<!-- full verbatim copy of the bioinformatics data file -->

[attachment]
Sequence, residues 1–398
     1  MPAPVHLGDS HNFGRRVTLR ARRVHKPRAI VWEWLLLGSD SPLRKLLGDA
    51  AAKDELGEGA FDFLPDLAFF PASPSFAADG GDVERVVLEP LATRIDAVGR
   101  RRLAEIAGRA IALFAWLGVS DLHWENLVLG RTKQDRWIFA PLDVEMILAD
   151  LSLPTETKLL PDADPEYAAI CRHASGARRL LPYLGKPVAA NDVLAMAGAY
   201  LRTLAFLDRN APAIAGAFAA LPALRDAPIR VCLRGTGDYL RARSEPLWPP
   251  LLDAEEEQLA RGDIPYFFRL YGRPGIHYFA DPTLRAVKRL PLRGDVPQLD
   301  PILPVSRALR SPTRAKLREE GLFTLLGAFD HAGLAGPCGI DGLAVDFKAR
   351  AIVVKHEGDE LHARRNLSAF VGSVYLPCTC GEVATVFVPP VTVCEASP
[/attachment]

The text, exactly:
Sequence, residues 1–398
     1  MPAPVHLGDS HNFGRRVTLR ARRVHKPRAI VWEWLLLGSD SPLRKLLGDA
    51  AAKDELGEGA FDFLPDLAFF PASPSFAADG GDVERVVLEP LATRIDAVGR
   101  RRLAEIAGRA IALFAWLGVS DLHWENLVLG RTKQDRWIFA PLDVEMILAD
   151  LSLPTETKLL PDADPEYAAI CRHASGARRL LPYLGKPVAA NDVLAMAGAY
   201  LRTLAFLDRN APAIAGAFAA LPALRDAPIR VCLRGTGDYL RARSEPLWPP
   251  LLDAEEEQLA RGDIPYFFRL YGRPGIHYFA DPTLRAVKRL PLRGDVPQLD
   301  PILPVSRALR SPTRAKLREE GLFTLLGAFD HAGLAGPCGI DGLAVDFKAR
   351  AIVVKHEGDE LHARRNLSAF VGSVYLPCTC GEVATVFVPP VTVCEASP